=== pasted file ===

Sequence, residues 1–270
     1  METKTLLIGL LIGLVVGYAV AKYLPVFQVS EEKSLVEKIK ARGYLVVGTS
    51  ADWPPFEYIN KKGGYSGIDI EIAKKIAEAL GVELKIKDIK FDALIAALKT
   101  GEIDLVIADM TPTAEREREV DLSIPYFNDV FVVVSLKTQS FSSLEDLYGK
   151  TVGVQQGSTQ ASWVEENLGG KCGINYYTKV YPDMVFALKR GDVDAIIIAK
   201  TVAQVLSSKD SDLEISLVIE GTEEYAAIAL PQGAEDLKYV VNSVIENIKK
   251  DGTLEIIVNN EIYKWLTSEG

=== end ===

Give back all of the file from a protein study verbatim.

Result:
Sequence, residues 1–270
     1  METKTLLIGL LIGLVVGYAV AKYLPVFQVS EEKSLVEKIK ARGYLVVGTS
    51  ADWPPFEYIN KKGGYSGIDI EIAKKIAEAL GVELKIKDIK FDALIAALKT
   101  GEIDLVIADM TPTAEREREV DLSIPYFNDV FVVVSLKTQS FSSLEDLYGK
   151  TVGVQQGSTQ ASWVEENLGG KCGINYYTKV YPDMVFALKR GDVDAIIIAK
   201  TVAQVLSSKD SDLEISLVIE GTEEYAAIAL PQGAEDLKYV VNSVIENIKK
   251  DGTLEIIVNN EIYKWLTSEG